Arkansas Senate

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Arkansas State Senate
Arkansas General Assembly
Coat of arms or logo
Term limits
2 terms (8 years)
New session started
January 12, 2015
Tim Griffin (R)
Since January 13, 2015
President pro Tempore of the Senate
Jonathan Dismang  (R)
Since January 15, 2013
Majority Leader
Jim Hendren (R)
Since January 15, 2013
Minority Leader
Keith Ingram (D)
Since January 15, 2013
Seats 35
Political groups
Republican Party (21)
Democratic Party (14)
Length of term
4 years
Authority Article 8, Section 2, Arkansas Constitution
Salary $15,362/year + per diem
Last election
November 6, 2012
(35 seats)
Next election
November 4, 2014
(17 seats)
Redistricting Arkansas Board of Apportionment and Arkansas General Assembly
Meeting place
File:Arkansas State Senate.png
State Senate Chamber
Arkansas State Capitol
Little Rock, Arkansas
Arkansas State Senate

The Arkansas State Senate is the upper branch of the Arkansas General Assembly. The Senate consists of 35 members, each representing a district with about 83,000 people. Service in the state legislature is part-time, and many state senators have full-time jobs during the rest of the year. The 35-member Senate consists of twenty-two Republicans and thirteen Democrats. There are eight women, twenty-seven men, thirty-one White Americans, and four African Americans.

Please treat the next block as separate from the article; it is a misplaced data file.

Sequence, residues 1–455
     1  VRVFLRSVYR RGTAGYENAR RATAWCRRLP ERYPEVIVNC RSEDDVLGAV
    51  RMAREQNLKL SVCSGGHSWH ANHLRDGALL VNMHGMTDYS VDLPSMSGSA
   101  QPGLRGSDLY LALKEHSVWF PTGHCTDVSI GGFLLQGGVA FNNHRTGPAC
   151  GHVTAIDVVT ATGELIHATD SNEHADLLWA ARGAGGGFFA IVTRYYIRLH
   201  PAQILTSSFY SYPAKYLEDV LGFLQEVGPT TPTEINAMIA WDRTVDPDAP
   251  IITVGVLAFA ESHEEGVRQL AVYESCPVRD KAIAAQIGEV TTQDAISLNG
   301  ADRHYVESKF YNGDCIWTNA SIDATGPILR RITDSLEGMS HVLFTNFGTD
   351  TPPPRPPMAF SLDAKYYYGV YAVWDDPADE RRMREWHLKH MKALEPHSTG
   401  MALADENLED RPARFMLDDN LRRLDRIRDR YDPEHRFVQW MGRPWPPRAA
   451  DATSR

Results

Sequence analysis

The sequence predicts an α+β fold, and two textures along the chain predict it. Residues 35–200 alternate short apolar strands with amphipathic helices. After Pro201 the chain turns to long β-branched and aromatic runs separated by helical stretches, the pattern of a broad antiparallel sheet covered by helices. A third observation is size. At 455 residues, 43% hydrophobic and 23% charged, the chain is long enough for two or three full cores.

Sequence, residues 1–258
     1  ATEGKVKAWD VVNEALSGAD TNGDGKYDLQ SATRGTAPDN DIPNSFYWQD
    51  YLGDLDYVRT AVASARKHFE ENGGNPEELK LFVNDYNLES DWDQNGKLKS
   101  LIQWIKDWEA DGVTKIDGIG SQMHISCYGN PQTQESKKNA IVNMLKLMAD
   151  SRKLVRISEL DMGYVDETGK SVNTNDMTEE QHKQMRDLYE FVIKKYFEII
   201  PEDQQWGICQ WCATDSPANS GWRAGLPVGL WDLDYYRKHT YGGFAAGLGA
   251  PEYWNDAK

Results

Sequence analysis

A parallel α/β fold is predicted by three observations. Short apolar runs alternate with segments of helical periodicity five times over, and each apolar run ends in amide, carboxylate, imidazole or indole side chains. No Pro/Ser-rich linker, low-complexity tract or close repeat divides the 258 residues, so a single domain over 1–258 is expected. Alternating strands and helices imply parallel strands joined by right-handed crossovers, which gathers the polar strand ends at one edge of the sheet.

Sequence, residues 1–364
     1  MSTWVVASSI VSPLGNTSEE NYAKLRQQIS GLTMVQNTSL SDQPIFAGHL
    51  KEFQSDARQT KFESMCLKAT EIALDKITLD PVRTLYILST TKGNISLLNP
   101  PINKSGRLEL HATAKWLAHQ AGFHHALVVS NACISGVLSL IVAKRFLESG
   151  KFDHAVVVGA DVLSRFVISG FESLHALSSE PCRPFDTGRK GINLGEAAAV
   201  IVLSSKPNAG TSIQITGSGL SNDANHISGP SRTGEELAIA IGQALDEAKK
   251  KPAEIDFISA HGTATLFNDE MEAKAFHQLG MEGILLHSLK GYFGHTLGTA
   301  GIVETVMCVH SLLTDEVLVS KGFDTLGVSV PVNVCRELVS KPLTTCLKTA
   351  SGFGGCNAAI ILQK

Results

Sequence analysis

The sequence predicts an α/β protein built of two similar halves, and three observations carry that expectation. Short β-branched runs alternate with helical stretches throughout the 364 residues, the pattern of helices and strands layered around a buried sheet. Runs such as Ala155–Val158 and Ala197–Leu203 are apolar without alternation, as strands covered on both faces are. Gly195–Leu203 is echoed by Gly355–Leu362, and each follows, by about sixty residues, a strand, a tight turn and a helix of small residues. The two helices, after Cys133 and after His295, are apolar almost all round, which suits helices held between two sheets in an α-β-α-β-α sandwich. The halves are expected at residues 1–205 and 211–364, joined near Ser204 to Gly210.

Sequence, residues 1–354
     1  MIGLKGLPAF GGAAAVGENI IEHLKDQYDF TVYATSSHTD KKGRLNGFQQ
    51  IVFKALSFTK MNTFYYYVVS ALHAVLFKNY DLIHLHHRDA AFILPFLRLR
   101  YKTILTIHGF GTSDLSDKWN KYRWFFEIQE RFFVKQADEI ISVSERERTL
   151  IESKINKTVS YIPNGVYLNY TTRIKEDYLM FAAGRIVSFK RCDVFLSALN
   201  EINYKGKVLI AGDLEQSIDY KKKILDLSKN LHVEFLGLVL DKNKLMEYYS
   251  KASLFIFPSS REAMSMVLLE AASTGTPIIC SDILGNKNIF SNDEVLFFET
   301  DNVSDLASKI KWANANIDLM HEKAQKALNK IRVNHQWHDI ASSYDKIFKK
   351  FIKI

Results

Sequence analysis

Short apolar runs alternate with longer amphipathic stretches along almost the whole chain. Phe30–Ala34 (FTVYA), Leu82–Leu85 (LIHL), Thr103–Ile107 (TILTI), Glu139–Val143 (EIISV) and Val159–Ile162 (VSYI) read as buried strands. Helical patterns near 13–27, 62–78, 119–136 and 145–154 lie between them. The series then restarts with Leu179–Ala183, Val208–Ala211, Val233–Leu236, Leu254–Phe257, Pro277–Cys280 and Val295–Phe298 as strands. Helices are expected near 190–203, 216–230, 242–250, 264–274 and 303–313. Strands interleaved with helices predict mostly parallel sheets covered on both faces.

The Arkansas Senate was created and re-created by five separate constitutions, the first of which was ratified on January 30, 1836, and the fifth and current of which was adopted in 1874.[1] The reason for so many constitutions is in part because of the succession of Arkansas from the United States during the time of the American Civil War and the aftermath of the war. The constitution has also changed over time through numerous amendments.[1]

In 1947, the Arkansas Legislative Council committee was created to collect data for legislators and oversee the Bureau of Legislative Research, which is composed of professional, nonpartisan staff to aid in the legislative process. The committee consists of 36 legislators, 16 of which are state senators.[2]

In 1964, Dorathy M. Allen became the first woman elected to the Arkansas Senate.[3] During her time in office, she was the only female in the Arkansas Senate.[4]

Originally, legislators met biennially. A 2008 ballot proposal approved by voters created annual legislative sessions.[2] In 1992, voters approved term limits, limiting state senators to two four-year terms.[2]